🧩 Organized Labeling: Label your storage containers with the caliber, type of ammunition, and date of purchase. This helps you identify and rotate older ammunition for use.

🟦 Handling:

🧩 Clean Hands: When handling ammunition, ensure your hands are clean and dry to prevent transferring moisture, dirt, or oils onto the cartridges.
🧩 Avoid Dropping: Avoid dropping or banging the cartridges, as this could damage the primer or bullet, compromising safety and performance.
🧩 No Smoking or Open Flames: Handle ammunition away from open flames, sparks, and smoking materials to prevent accidental ignition.
🧩 Inspect Before Use: Before loading the ammunition into your firearm, visually inspect each cartridge for signs of damage, corrosion, or deformation. Discard any cartridges that appear compromised.
🧩 Proper Loading: When loading the ammunition into the firearm’s magazine or cylinder, ensure proper alignment and avoid forcing cartridges. Follow the firearm’s manual for loading instructions.
🧩 Avoid Oily Surfaces: Keep ammunition away from oil, solvents, and lubricants. Excess oil can seep into the cartridge and potentially degrade the propellant.
🧩 Rotate Stock: If you have a collection of 7.62mm Nagant ammo, practice “first in, first out” rotation. Use older ammunition before newer purchases to ensure all ammunition is used within a reasonable timeframe.
🧩 Avoid Unnecessary Handling: Excessive handling can lead to wear on the cartridge’s casing and primer. Minimize unnecessary handling to preserve the ammunition’s integrity.

👍 By following these storage and handling guidelines, you can help ensure the longevity, reliability, and safety of your ammunition. Remember that proper care and attention to detail are key to maintaining ammunition in optimal condition.

Storage and handling of ammunition


What is the range of this ammo?

💡 The effective range of a 7.62mm Nagant ammo can vary based on several factors, including the type of firearm used, the specific load of ammunition, the shooter’s skill level, and the intended target.

🎯 Generally, the effective range for most firearms chambered in 7.62mm Nagant is around 50 to 100 yards (45 to 90 meters).

📢 The Nagant M1895 revolver, which was designed to fire this ammunition, is not typically known for long-range accuracy due to its shorter barrel length and the design limitations of revolvers. While it can certainly hit targets beyond 100 yards, its accuracy and energy drop significantly at longer distances.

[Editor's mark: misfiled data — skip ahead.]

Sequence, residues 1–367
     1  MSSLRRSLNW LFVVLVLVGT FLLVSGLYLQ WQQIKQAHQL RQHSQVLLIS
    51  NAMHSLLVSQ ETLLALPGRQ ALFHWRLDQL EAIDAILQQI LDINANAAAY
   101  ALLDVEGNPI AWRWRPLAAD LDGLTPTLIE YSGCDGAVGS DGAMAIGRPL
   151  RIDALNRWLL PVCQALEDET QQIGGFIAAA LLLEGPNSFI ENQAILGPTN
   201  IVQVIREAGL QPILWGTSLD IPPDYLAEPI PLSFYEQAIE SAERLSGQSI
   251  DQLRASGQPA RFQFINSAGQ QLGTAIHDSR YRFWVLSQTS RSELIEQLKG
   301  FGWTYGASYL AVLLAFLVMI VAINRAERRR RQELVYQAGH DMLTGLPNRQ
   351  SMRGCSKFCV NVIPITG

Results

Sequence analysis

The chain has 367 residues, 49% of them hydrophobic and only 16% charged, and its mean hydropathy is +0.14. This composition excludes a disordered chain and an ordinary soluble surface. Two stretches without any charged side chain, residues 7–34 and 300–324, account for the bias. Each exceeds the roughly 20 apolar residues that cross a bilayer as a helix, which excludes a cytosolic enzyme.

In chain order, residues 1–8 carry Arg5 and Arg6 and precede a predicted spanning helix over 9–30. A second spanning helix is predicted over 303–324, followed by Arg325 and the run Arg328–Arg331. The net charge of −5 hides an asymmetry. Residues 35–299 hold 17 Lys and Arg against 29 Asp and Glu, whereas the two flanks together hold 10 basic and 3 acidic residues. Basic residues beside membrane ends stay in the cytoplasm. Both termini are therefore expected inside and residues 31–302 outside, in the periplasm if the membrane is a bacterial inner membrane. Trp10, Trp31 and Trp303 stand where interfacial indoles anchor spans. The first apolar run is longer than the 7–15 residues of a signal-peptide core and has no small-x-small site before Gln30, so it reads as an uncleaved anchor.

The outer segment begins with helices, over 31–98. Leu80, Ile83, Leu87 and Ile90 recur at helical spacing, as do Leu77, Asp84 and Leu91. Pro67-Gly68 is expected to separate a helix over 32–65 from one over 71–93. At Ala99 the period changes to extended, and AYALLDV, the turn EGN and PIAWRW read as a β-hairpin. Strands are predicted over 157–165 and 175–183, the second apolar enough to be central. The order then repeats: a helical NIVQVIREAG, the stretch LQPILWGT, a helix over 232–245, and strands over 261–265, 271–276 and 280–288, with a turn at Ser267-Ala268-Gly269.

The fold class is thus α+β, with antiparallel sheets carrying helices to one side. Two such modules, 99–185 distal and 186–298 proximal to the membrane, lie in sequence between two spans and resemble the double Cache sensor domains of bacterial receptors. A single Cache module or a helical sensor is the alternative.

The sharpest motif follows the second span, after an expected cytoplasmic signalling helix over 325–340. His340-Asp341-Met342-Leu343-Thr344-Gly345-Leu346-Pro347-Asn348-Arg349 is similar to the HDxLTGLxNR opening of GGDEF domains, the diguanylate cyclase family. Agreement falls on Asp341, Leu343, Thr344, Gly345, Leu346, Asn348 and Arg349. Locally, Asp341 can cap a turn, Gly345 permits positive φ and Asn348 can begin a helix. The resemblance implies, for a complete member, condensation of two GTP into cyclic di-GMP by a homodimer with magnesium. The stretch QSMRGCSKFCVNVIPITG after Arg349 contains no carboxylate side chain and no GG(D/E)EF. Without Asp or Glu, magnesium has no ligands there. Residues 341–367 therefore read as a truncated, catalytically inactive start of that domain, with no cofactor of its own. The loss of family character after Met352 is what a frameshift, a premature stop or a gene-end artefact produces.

❗ Keep in mind that individual shooting experiences may vary, and factors like wind, bullet drop, and the shooter’s proficiency will influence the effective range. For more precise and long-range shooting, other firearm platforms and calibers are often preferred.

Are all 7.62 rounds the same?

🤨 No, not all 7.62mm rounds are the same. The term “7.62mm” refers to the bullet diameter, which is approximately 7.62 millimeters or roughly 0.30 inches. However, this measurement alone doesn’t provide the full picture of the ammunition, as there are various cartridges with different specifications that use the 7.62mm bullet diameter.

📝 There are several 7.62mm cartridges, each designed for different firearms and purposes. Here are a few examples:

💥 7.62x51mm NATO (.308 Winchester): This is a rifle cartridge used in many battle rifles and machine guns. It’s commonly used in military and civilian firearms for target shooting, hunting, and long-range shooting.

💥7.62x39mm: This cartridge is known for being used in the AK-47 and similar rifles. It’s an intermediate cartridge used in various military and civilian applications.

💥 7.62x54mmR: This is a rimmed rifle cartridge used in weapons like the Mosin-Nagant bolt-action rifle. It has been historically used by various countries and is still used in some modern firearms.